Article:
BILLINGS, Mont. - In the Montana Senate race, incumbent Senator Steve Daines and Governor Steve Bullock weighed in on President Trump's goal of naming a new Supreme Court justice to replace the late Ruth Bader Ginsburg.
This isn't the first time a Supreme Court seat has opened in a presidential election year. In fact, it's happened 15 times in our nation's history. Each time, the sitting president has nominated a successor. Sen. Daines says he is in favor of a nomination before ballots are cast this November, but Gov. Bullock argues, why rush?
"The Constitution gives the Senate the sole power over whether to confirm or reject a president's nomination to the Supreme Court," Daines said.
In the wake of Justice Ginsburg's passing, Sen. Daines is confident whomever President Trump nominates, will be confirmed by the Supreme Court.
"When one party has controlled the White House and the U.S. Senate, the president has nominated, and the Senate has confirmed a Supreme Court justice," Daines said.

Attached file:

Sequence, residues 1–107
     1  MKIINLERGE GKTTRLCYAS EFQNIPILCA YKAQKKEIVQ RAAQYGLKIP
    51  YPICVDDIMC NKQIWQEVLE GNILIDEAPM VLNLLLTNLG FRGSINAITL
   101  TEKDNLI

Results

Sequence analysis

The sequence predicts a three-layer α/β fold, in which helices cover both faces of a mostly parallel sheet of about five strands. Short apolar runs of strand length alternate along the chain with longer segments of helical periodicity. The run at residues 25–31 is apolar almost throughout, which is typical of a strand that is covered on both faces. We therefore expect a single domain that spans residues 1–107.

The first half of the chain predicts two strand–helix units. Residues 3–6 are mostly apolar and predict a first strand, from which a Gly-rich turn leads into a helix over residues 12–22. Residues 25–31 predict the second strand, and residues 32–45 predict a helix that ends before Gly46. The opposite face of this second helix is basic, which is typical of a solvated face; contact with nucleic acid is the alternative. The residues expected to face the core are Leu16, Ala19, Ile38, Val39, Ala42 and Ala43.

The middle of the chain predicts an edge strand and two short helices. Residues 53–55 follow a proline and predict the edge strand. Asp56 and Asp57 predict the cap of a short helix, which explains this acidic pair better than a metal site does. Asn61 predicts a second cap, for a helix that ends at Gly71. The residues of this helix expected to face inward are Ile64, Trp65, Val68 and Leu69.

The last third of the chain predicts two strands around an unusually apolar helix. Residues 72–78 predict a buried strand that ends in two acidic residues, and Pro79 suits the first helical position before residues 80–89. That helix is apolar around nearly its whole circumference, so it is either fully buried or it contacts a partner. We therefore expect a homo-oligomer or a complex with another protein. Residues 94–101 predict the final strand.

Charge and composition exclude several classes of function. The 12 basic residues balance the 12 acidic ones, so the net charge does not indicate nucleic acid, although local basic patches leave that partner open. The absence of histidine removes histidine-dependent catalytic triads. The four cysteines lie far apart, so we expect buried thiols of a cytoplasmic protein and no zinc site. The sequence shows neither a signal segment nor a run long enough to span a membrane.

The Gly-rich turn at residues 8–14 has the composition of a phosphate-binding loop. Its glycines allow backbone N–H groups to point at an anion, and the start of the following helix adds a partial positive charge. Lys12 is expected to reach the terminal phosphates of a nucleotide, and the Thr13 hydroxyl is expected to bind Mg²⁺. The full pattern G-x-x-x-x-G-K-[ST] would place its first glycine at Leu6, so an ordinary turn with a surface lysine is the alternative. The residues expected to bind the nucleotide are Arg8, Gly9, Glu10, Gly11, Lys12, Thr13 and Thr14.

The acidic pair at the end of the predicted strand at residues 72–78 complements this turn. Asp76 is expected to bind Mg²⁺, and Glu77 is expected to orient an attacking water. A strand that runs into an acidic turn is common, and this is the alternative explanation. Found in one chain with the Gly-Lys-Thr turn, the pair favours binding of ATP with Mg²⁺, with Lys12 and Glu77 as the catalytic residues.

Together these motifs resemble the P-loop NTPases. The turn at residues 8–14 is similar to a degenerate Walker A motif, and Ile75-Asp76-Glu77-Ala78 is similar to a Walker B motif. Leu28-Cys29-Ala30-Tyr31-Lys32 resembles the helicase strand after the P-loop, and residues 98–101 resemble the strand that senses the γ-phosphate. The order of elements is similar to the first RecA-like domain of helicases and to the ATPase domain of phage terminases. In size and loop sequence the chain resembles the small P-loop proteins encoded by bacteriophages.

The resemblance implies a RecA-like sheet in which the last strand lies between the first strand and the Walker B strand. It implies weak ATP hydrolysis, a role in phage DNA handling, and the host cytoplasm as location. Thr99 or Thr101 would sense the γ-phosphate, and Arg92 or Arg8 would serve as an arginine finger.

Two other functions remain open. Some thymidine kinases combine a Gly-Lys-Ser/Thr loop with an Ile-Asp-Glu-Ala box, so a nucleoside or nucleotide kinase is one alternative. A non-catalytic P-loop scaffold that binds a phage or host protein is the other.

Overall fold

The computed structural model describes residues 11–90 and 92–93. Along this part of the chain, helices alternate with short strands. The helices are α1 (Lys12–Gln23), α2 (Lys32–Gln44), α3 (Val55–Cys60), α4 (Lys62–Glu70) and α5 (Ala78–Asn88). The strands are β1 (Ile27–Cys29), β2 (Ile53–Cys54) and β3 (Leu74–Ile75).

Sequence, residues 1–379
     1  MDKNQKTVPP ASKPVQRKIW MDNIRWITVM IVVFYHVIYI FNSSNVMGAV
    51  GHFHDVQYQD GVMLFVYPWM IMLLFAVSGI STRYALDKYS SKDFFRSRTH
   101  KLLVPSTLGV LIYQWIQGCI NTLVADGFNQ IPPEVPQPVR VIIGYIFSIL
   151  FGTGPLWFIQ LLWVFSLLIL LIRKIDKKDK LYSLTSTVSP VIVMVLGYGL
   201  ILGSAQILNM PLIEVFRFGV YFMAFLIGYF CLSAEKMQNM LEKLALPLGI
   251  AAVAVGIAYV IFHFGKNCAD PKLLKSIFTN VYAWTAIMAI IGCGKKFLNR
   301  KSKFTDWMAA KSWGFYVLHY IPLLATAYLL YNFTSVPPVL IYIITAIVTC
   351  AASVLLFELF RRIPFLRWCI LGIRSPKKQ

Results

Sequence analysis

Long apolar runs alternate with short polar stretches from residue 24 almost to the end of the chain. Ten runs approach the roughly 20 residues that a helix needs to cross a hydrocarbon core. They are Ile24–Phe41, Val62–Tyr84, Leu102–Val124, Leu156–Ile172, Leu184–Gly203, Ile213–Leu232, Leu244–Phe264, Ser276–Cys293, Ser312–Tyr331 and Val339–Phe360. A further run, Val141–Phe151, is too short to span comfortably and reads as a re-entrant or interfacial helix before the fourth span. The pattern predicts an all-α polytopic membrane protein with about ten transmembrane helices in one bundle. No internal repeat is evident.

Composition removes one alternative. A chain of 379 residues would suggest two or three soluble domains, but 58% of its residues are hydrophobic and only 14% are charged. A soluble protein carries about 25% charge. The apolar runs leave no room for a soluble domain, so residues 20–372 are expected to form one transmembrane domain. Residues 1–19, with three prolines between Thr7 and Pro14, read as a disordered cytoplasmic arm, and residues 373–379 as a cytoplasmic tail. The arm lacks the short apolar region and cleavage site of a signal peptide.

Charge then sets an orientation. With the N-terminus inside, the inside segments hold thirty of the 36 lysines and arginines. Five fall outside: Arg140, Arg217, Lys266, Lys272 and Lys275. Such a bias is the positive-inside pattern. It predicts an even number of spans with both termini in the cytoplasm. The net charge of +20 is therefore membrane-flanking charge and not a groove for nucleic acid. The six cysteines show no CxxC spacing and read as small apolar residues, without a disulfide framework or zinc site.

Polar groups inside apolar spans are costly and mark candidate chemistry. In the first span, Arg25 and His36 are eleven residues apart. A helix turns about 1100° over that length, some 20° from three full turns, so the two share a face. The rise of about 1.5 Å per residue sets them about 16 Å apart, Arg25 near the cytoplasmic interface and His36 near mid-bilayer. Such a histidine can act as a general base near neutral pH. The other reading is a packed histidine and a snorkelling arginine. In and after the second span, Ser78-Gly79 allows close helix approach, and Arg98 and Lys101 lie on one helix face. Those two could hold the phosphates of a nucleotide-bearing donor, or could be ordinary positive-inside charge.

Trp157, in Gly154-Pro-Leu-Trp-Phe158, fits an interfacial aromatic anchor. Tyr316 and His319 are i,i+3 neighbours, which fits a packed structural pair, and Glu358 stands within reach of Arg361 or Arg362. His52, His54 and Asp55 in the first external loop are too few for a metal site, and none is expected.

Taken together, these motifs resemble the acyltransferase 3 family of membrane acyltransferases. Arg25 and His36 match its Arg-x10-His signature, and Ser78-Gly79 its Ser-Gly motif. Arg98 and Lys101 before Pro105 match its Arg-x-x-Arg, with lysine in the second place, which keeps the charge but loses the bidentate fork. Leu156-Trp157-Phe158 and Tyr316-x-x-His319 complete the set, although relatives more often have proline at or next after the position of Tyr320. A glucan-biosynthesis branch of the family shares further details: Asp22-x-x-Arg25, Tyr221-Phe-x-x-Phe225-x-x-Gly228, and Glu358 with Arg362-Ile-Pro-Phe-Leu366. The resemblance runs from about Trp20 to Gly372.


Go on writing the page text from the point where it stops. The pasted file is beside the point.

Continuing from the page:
Sen. Daines said he supports the president's goal of filling the seat before the November 3 election – a move he opposed back in 2016. He says the difference between then and now is President Obama was term limited and not up for re-election.
The senator also pointed out another key difference between 2016 and 2020.
"In 2016, the White House and the Senate were controlled by opposing parties," Daines said.
Daines says a justice nomination from President Trump is in line with his own vision for Montana.
"Someone who will defend the second amendment and support forest management projects, and the Keystone Pipeline," Daines said.
But Gov. Bullock argues the decision should be made after the ballots are counted in November.
"I think we should follow the process that Steve Daines and Mitch McConnell laid out four years ago," Bullock said.
He said he also wonders if Sen. Daines' stance on the future nomination was influenced by other factors.
"I don't know if this is about the lawsuit a week after the election that could literally rip away health care from Montanans, than it is about this independent branch of the court," Bullock said.
Gov. Bullock says politics should be taken out of the equation.
"I've argued in front of the Supreme Court, it shouldn't be political," Bullock said.
One thing that will likely not change is the gender of the person filling Justice Ginsburg's former seat. President Trump has said he plans to nominate a woman as a replacement.